The amount of Ibuprofen or Tylenol that makes it into your breast milk is much smaller that a typical dose that is given to a newborn baby.
The most important decongestant to avoid is pseudoephedrine. It works by drying up your airways… but it also dries out the rest of you!
That means it can greatly reduce your milk supply.
The BEST option when your sick is to try using natural remedies. They don’t affect your milk supply and can be effective in offering relief from a cold.
Natural remedies for a cold include:
- Sleep. Try to rest as much as you can! I know it’s hard with a baby but resting will help you recover faster.
- Humidifier or a steamy shower. If you are congested, this is one of the best ways to help relieve the head pressure. Keeping your airways moist will offer relief and steam from a hot shower can loosen up the stuffiness.
- Gargle with salt water. This is great for a sore throat! The salt not only soothes but it helps you recover from a cold faster by cleaning out the virus and reducing inflammation.
- Saline nose rinse. This is a good treatment option to help you clear out your stuffy nose. It’s available at the pharmacy, and won’t affect breastfeeding!
- Vitamin C. Try eating some oranges or kiwis that are packed full of vitamin C! Vitamin C can help your body fight off a cold fast, and eating healthy fruits is a yummy bonus.
Remember that it’s important to keep breastfeeding even if you’re sick! You can wear a mask while breastfeeding if you’re worried about transferring the sickness to your baby.
Your body creates antibodies against the cold that you have and puts them into your breast milk, so breastfeeding is the safest remedy for your baby.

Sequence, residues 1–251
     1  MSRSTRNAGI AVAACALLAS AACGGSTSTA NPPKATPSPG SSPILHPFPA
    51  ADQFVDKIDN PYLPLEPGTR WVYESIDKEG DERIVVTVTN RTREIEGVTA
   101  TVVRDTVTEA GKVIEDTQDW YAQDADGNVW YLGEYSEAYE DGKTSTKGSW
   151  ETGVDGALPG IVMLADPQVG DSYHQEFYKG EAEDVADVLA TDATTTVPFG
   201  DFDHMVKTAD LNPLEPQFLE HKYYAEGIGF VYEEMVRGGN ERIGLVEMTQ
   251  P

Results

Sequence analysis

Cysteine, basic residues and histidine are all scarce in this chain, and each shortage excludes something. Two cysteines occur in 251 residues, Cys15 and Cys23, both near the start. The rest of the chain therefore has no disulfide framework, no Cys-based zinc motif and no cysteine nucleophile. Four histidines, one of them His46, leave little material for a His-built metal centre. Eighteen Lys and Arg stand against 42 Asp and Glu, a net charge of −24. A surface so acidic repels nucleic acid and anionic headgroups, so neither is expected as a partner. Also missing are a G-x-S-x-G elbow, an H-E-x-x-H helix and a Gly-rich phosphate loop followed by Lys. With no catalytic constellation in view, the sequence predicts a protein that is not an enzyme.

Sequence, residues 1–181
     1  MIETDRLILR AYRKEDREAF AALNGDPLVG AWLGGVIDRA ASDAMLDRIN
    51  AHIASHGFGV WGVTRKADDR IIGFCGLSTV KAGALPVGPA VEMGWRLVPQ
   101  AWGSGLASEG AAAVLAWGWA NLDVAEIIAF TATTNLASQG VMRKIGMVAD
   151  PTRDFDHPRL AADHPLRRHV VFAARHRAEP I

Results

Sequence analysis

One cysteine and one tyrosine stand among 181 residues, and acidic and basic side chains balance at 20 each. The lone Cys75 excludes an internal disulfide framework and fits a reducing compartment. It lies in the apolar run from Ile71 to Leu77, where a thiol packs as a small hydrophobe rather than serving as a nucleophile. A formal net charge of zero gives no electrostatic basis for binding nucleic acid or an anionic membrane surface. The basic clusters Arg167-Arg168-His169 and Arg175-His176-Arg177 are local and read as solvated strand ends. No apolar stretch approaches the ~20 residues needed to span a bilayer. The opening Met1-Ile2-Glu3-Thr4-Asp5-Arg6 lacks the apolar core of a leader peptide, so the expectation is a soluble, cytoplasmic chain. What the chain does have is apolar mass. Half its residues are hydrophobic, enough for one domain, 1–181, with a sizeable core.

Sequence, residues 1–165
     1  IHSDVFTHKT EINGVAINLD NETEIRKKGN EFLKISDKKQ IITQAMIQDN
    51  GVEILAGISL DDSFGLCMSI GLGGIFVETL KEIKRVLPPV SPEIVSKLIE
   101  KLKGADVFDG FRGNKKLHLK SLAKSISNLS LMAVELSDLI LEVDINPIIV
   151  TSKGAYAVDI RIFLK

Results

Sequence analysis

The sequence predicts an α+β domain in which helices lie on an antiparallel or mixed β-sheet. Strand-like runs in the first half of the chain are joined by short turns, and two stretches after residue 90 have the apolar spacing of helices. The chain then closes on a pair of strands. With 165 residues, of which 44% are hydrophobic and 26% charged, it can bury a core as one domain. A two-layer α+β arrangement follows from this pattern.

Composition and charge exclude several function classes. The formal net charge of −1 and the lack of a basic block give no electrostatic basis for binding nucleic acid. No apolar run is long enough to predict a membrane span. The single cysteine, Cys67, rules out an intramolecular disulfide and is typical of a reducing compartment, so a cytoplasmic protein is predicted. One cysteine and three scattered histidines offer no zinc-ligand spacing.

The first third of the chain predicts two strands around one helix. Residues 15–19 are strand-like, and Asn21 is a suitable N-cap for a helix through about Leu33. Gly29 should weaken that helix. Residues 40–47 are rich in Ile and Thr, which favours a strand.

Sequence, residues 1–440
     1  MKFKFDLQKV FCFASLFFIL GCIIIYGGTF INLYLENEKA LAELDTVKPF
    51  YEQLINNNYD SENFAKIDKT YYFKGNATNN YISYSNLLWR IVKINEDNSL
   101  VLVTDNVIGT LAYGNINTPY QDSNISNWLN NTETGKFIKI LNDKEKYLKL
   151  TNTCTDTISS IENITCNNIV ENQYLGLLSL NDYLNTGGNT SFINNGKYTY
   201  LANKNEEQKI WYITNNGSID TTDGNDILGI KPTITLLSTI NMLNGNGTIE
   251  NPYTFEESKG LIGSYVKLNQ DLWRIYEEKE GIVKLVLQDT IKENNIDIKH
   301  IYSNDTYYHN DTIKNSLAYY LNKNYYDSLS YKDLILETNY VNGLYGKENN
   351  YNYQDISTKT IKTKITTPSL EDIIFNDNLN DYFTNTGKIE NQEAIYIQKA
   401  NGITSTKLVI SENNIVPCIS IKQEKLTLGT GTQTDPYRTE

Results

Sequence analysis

Try to avoid coughdrops with menthol in them because menthol can decrease your milk supply. Instead, opt for hard candies or throat lozenges without menthol in them.
And as for aspirin, it’s best to avoid using it if possible (again, discuss this with your doctor). Aspirin can cause Reye’s syndrome in children and infants, so go for the tried and true Ibuprofen or Tylenol instead!
Breastfeeding and Medications
Ultimately, medication use and breastfeeding should be evaluated on a case-by-case basis. Each mommy and baby is unique and each breastfeeding journey different.
What might work for you won’t work for another mom.
Additionally, you and your doctor can discuss the risk-versus-benefit to taking medications. The number of medications you can take while breastfeeding is immense. It ranges from antidepressants and pain medications to anti-cancer medications (most of which AREN’T safe for breastfeeding by the way).
Don’t be afraid to pick up the phone and call your doctor. They will be the best person to help you determine what medications you can take while breastfeeding.
Breast milk is extremely valuable for your baby. And what you put into your body can affect it. Download LactMed if you want to do your own research, and don’t be afraid to ask your doctor about medications. And if your doctor doesn’t know, make sure you tell them you’re breastfeeding!If you have questions or need help with breastfeeding visit my website at www.littlebearcare.com. I love helping mommies breastfeed their babies!
Kealy Hawk, BSN, RN, CLC
Kealy is a Registered Nurse, Lactation Counselor, and most importantly a mommy! Her own baby feeding struggles gave her a passion to help moms throughout their feeding journey. She specializes in breastfeeding support and evidence-based formula recommendations. To talk with Kealy or take one of her breastfeeding or formula classes, visit https://littlebearcare.com.